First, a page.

Holy Hell 2020: $850k Total Income (Can We Hit $1M Next Year?)

Ok, let me catch my breath here. Because. What? I just added up all our income for the past year and if my calculations are right (they are) we made $850k in ONE YEAR in actual income (not counting investment gains.) This figure makes me kind of numb. You would think I’d feel rich (because when you make $850k you are rich even if it’s temporary) yet… I’m blinking here and feeling like, wow, even if I never make this much again in one year, I’m shocked that I did this ever. 

  • Shocked because I’m a bipolar woman who can’t hold a job.
  • Shocked because I’m pregnant with my second kid and struggle to be a mom and a full time employee and I constantly feel like I’m going to be walked out the virtual door.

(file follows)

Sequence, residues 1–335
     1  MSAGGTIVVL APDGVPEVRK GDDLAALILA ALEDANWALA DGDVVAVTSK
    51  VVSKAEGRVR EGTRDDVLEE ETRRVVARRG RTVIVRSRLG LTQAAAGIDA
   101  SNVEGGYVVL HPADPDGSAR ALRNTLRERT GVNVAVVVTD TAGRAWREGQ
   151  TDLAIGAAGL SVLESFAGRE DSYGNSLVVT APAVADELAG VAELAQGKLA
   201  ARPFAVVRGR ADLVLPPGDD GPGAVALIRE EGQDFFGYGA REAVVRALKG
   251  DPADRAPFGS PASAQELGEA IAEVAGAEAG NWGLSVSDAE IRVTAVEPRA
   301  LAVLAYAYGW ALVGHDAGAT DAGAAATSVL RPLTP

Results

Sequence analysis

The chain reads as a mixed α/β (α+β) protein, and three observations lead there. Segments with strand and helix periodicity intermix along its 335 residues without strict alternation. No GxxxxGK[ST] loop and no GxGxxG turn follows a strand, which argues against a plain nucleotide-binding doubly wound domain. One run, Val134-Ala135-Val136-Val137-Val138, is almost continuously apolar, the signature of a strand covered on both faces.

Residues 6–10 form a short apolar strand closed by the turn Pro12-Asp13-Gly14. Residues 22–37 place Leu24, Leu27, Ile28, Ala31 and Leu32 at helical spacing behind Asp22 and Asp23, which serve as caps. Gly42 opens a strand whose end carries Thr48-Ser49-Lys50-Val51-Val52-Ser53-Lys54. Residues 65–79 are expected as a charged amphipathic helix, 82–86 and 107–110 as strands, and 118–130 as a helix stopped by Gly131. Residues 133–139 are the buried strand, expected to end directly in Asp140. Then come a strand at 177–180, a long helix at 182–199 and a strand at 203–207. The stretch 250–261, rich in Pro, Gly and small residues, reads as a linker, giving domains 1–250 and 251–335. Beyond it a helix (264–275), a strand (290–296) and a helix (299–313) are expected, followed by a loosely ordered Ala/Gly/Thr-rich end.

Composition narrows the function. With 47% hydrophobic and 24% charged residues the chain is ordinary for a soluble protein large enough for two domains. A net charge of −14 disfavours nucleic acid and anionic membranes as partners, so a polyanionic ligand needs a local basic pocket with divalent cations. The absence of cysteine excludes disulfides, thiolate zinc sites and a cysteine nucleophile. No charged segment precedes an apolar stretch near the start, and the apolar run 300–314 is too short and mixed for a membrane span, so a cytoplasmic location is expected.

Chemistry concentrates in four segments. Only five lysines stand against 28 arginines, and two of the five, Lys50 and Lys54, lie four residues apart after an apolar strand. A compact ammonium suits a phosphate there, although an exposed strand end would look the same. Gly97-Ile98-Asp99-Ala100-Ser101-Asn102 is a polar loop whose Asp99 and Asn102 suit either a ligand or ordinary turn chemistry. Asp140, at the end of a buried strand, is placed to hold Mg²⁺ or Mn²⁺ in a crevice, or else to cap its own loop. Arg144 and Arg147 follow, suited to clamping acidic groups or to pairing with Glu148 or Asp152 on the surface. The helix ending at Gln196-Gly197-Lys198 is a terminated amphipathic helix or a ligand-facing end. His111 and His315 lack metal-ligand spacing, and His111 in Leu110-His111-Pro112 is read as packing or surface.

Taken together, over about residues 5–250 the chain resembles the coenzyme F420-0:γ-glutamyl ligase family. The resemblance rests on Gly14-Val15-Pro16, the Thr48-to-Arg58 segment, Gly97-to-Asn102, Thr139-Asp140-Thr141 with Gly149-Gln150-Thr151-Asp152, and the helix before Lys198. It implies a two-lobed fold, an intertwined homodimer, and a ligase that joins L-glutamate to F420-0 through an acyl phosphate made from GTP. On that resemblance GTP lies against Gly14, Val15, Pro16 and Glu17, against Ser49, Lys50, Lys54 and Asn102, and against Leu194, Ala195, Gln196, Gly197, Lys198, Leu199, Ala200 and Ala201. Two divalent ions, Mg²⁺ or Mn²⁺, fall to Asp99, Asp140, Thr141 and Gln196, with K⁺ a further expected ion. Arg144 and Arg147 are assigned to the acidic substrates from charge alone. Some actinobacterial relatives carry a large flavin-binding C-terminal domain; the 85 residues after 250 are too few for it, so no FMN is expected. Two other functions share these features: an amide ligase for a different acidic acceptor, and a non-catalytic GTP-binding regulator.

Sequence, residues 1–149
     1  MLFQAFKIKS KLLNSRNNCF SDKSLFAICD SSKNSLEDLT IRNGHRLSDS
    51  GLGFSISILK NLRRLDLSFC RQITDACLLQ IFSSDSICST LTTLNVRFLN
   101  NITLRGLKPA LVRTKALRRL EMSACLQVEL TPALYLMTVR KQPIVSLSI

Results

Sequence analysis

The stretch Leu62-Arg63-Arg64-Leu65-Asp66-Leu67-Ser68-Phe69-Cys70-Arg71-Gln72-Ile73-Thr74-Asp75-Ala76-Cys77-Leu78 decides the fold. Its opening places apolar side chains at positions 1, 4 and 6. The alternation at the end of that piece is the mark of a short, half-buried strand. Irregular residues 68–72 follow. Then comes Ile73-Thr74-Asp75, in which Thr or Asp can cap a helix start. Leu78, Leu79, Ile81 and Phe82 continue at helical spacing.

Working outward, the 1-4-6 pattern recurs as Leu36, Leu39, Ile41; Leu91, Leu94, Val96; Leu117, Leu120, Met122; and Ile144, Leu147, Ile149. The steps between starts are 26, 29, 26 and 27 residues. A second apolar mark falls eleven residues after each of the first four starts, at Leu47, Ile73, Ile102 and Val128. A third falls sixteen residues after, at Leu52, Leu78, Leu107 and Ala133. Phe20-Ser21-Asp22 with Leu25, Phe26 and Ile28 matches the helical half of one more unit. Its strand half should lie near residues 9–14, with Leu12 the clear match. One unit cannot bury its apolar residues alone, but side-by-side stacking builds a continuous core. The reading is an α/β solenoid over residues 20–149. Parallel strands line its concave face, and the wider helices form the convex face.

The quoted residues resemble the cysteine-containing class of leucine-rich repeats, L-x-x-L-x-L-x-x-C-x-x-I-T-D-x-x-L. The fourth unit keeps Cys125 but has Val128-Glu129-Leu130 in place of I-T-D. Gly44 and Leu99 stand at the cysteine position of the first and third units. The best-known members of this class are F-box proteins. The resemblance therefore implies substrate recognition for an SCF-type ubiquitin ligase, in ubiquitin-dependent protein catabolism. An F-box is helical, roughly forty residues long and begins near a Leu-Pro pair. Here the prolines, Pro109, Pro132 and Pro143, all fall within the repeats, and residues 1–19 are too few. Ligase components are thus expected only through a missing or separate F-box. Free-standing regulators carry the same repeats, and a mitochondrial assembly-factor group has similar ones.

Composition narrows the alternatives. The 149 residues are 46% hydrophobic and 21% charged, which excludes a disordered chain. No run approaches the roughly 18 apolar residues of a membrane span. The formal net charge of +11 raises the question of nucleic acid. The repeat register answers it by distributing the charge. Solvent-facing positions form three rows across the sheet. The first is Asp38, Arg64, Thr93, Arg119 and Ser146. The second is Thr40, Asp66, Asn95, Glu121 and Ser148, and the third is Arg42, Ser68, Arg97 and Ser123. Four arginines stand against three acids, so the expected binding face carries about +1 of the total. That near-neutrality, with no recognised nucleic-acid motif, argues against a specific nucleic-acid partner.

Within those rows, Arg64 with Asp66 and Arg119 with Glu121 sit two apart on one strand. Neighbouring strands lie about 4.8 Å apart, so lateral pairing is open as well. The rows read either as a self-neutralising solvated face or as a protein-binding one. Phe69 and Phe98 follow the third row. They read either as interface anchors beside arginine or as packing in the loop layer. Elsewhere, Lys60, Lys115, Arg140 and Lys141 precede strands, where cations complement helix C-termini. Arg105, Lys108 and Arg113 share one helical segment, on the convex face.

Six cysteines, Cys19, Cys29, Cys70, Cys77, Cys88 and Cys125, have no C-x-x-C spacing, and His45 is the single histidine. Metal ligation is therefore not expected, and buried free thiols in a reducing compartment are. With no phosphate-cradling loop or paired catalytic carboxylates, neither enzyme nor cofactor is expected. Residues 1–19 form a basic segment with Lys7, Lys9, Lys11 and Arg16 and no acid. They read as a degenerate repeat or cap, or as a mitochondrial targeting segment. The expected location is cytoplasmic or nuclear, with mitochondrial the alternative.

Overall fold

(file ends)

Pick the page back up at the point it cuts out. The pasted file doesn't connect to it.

• Shocked because a year ago my boss put me on a PIP and I was supposed to be fired in July, but I held on for dear life to make this year a reality.
  • Shocked because in Silicon Valley, it’s probably somewhat normal for 2 adults in a household to earn this much in a year ($750k of the $850k was my earnings, $100k was my husband.)
  • Shocked because I don’t deserve to make this much.
  • Shocked because many of my peers and superiors likely made 2-5x+ what I made, and are likely going to continue to do that.
  • Shocked because wealth makes no sense and while many people struggle and go hungry in this country, and I am trying to figure out my place in how to help people while also knowing that due to my mental health issues I need to save a bit more aggressively than the average person, as I could hit a wall and not be able to work at some point.